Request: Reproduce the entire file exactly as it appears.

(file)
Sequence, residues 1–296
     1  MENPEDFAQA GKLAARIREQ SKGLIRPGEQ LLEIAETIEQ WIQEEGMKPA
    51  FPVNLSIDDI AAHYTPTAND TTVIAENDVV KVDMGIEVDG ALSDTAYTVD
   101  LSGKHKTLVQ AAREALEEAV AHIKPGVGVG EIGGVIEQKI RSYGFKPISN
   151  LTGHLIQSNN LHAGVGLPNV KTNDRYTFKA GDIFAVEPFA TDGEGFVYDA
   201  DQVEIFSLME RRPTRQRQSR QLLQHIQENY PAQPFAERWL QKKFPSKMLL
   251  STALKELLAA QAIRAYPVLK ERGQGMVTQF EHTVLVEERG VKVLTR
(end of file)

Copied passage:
Sequence, residues 1–296
     1  MENPEDFAQA GKLAARIREQ SKGLIRPGEQ LLEIAETIEQ WIQEEGMKPA
    51  FPVNLSIDDI AAHYTPTAND TTVIAENDVV KVDMGIEVDG ALSDTAYTVD
   101  LSGKHKTLVQ AAREALEEAV AHIKPGVGVG EIGGVIEQKI RSYGFKPISN
   151  LTGHLIQSNN LHAGVGLPNV KTNDRYTFKA GDIFAVEPFA TDGEGFVYDA
   201  DQVEIFSLME RRPTRQRQSR QLLQHIQENY PAQPFAERWL QKKFPSKMLL
   251  STALKELLAA QAIRAYPVLK ERGQGMVTQF EHTVLVEERG VKVLTR